Jay, who only got real attention when he impressed his parents, could never be good enough to get all the love he needed.
Such conditional love is negative because subconsciously Jay takes on the blame for this disjunction and develops a ‘core shame belief’ — he begins to think something is inherently wrong with himself.
And so, even after 50 years of trying so hard to be the best, his inner child is still looking for the unconditional love he got so little of.
On day 3, Eva realizes how the patterns she established as a young girl subconsciously project into her adult relationships — anyone who reminds Eva of her father, can’t be trusted.
Through a group game later that day, she experiences that there are men she can rely on.
Eva then accuses her parents of making her the victim of their broken relationship – this is important because this way she can retrace her negative pattern back to her parents.
Afterwards, she learns to understand their story, because they too were once children, with parents who had their own issues.
This is important because then she can understand their situation and realizes that the way she was brought up was all her parents were able to provide.
Now she can make peace with her past, and her mistrust of men begins to wither.
On day 4, participants say goodbye to their parents and their childhood and ask themselves:
- Where am I from?
- What injuries do I bring along from my mother and father?
- How have these injuries impacted my life?
- What strategies have I developed to compensate for these injuries so far?
Jay, who didn’t want to be reminded of the painful thought that he’s not worthy of his parents’ unconditional love, compensated by only contacting them when he had outstanding news, such as another promotion. Knowing that they would then surely listen and act predictably, he reduces the risk of feeling hurt.
After this realization, Jay creates a development plan to follow his vision for life after the process.
Day 5 is about our vindictiveness. Tom, who didn’t want to be reminded that he is the root of all problems, compensated for the pain he experienced by hiding himself. At a young age, children keep their honor by thinking of how to, one day, pay their parents back for the misery they caused them.
As we mature, such vindictive thoughts move into the subconscious and by the time he is a teenager, Tom begins to pay back. First by breaking the law, then by breaking all contacts with his friends and family.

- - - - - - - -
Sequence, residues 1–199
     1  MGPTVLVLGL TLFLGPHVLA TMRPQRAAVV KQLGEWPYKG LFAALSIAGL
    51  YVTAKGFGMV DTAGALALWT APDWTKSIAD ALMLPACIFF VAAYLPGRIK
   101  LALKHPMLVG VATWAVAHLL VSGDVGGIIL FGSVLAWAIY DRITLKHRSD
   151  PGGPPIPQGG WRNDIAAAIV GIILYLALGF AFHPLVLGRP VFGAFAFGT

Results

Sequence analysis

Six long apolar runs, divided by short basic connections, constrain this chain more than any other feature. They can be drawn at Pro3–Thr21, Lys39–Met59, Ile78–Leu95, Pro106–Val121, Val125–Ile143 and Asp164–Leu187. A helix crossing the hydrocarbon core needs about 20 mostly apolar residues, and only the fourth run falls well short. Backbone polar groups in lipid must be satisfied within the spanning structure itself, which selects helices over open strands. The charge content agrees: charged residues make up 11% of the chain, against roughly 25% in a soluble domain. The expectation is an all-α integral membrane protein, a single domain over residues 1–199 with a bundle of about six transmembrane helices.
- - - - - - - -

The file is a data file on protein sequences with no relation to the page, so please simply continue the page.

On this day, Tom stops feeling vindictive and makes peace with his parents. His inner child regains his honor and grows in strength. Grown-up Tom can now leave his hiding place and finally enjoy meeting other people.
On day 6 the participants get to know the saboteur, the inner voice that warns us of any change in order to keep us in the safe old world we know so well. Eva hears the voice, whenever she opens up to the opposite sex — it whispers “remember, you can’t trust men”. Tom hears it when he enters a group of people — “you are not welcome here”. Whenever Jay tries to relax and be himself, the saboteur says “Don’t just do nothing! You are better than this!”
After getting to know this evil agent, they learn how to deal with this enemy of our progress. Then the group recaps the entire process and celebrates their newfound selves.
On day 7 they learn practical tools on how to cope with the change they will face when they go back into their lives. Finally, they go home to their parents, to complete what they have started, end their old lives and begin afresh.
The Hoffman Process
The Hoffman Process was developed in 1967 by Bob Hoffman. Today the process is being offered in over 16 countries and over 100,000 people have gone through this intense journey of self-discovery — including Justin Bieber and Katy Perry.
Because of the inner transformation, the participants undergo during this process, they are advised not to make any dramatic lifestyle changes in the first 3 months following their graduation from the program.
To learn more about the Hoffman process, or to read the research on it by the Harvard Center for Public Leadership, check out the descriptions below. Prior to creating this channel, our founder went through the Hoffman Process and it had a profound effect on his life.
- The Hoffman Institute
- The Emotional Competence & Leadership Study at Harvard
- Bob Hoffman’s Dream Lives on
- The Hoffman Process: Seven days to change a lifetime – GQ
- The Hoffman Process: The World-Famous Technique That Empowers You to Forgive Your Past, Heal Your Present, and Transform Your Future
Still curious about the Hoffman Process? Check out this personal account by journalist Janine di Giovanni or read about how Katy Perry and Justin Bieber experienced the process.
One Reply to “The Hoffman Process: Seven Days to Change a Lifetime”
Mind blowing 💖